By Shawn Pham | UC Riverside
I have spent almost half of my college life buried in books and far detached from my surroundings. In 2014, during my first year attending UCR, I observed a protest against tuition hikes where students were occupying the Chancellor’s office. That was the closest thing to a student advocacy affair that I looked upon until recent weeks.
Ever since I was little, I found systems fascinating; how things work together. I would ask adults questions like “how does rain work?” and “how safe are long-term municipal bonds?” There was a feeling of unease whenever components of a system were out of sight, hidden away and prevented me from seeing the big picture. This feeling lingered all throughout my college days: How does college work? Does the grand old legacy of an institution adequately support all the works that me and my peers toil over?
At UCR, one of the faculties I most admire is Dr. John Cook, the Director of Sustainability, who defines it perfectly when he says that the campus is a “living laboratory.” It is to imply that whatever for we do, there will be examples in the world to follow. I used this thinking to steer my understanding of the fundamental idea of college, but how does it function?
In August of 2016, my light summer schedule encouraged me to attend the UC Student Organizing Summit, an annual conference that inspires students to organize campaigns surrounding campus issues. Students are important components to how a college functions. And I figured that there was no harm in networking with more like-minded people.
The conference was thrilling. Within the span of two days and a sleepless night, campaigns were created to target issues on a system-wide level. I was a part of one of two campaigns that won the votes of the student congress. The first was one started by me and a few students from UCLA and UCSB called Sustain Our Students (SOS), aiming to combat student food and housing insecurities in sustainable ways. The second was Reignite which aims to diversify the UC system and ensure that marginalized students can graduate. The two campaigns will have two years to make their long lasting marks.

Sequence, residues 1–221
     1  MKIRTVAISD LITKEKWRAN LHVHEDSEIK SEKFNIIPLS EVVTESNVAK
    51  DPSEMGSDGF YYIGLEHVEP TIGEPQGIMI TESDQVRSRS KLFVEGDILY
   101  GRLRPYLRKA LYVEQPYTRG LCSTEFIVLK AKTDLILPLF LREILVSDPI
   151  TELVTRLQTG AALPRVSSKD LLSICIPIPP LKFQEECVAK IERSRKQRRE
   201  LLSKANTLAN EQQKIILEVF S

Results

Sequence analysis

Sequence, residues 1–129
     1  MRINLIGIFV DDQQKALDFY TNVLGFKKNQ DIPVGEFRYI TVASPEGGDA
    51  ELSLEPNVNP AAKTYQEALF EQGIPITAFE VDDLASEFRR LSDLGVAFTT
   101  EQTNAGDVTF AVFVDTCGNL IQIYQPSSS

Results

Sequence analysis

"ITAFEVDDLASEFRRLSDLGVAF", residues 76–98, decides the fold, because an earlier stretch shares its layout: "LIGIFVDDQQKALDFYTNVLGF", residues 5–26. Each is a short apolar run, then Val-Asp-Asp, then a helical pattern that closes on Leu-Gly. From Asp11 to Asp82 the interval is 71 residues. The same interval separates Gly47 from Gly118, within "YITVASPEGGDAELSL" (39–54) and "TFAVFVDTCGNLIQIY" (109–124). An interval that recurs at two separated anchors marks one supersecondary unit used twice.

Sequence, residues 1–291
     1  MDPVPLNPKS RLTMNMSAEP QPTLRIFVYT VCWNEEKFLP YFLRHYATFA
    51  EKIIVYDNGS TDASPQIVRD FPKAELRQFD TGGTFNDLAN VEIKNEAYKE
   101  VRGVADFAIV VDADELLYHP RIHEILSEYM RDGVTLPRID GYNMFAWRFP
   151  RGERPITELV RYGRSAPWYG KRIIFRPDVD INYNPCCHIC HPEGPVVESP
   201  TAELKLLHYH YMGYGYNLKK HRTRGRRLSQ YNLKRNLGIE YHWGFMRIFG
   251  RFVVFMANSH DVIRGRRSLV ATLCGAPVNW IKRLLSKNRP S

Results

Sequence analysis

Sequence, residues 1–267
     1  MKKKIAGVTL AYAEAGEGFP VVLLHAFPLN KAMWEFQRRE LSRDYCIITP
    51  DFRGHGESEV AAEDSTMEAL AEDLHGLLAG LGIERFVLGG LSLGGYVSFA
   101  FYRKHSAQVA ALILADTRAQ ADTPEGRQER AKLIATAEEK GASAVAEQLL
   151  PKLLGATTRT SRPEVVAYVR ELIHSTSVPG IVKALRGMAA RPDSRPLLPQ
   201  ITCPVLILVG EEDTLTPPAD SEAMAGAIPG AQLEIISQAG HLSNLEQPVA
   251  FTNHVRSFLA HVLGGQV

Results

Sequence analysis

Returning from that conference, I walked through campus with a sense of belonging I had never felt before. I started tabling for student organizations, attending SOS committee meetings, and having more conversations with people than I normally would. Four weeks later, I was chosen by the UC Student Association to be a Student Advocate to the Regents (StAR). It was an opportunity for me to speak in front of the UC Regents about student issues on behalf of my campus. I did send in my application, but it was unclear to me why they chose me. I was not a part of student government at to that point; I wasn’t majoring in policy making…All I held was an idea of what is at stake in my community. To prepare, I read UC Office of The President reports, consulted with the Associated Students of UCR and Dr. Cook. With a full sponsorship of the trip (from flights to meals), I headed to UCLA where the conference was held.